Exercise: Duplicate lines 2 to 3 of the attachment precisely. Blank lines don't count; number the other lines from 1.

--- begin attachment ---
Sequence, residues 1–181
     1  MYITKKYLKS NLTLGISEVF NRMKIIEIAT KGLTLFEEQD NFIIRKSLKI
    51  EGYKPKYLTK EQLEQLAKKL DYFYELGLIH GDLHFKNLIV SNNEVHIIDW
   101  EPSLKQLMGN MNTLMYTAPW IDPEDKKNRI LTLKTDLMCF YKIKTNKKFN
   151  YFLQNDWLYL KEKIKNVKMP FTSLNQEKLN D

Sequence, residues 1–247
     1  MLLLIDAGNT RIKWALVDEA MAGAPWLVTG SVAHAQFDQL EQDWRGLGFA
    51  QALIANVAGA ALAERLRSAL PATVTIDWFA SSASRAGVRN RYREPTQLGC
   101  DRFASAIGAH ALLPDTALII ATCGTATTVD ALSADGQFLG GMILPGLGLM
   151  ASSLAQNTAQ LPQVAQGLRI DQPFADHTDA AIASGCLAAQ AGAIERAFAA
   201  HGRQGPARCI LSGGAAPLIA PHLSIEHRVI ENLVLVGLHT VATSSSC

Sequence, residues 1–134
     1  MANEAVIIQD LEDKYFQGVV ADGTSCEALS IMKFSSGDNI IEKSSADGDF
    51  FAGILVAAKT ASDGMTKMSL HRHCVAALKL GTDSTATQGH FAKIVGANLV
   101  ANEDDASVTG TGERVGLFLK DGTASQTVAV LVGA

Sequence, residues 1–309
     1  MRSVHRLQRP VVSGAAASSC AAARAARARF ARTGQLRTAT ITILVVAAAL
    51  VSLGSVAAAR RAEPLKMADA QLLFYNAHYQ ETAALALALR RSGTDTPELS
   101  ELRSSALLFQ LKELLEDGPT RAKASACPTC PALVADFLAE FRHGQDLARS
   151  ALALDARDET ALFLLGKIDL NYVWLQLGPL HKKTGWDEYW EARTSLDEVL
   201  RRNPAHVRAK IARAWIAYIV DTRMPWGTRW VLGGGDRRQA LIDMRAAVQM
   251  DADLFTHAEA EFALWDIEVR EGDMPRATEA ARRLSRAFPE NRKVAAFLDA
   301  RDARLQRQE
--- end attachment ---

     1  MYITKKYLKS NLTLGISEVF NRMKIIEIAT KGLTLFEEQD NFIIRKSLKI
    51  EGYKPKYLTK EQLEQLAKKL DYFYELGLIH GDLHFKNLIV SNNEVHIIDW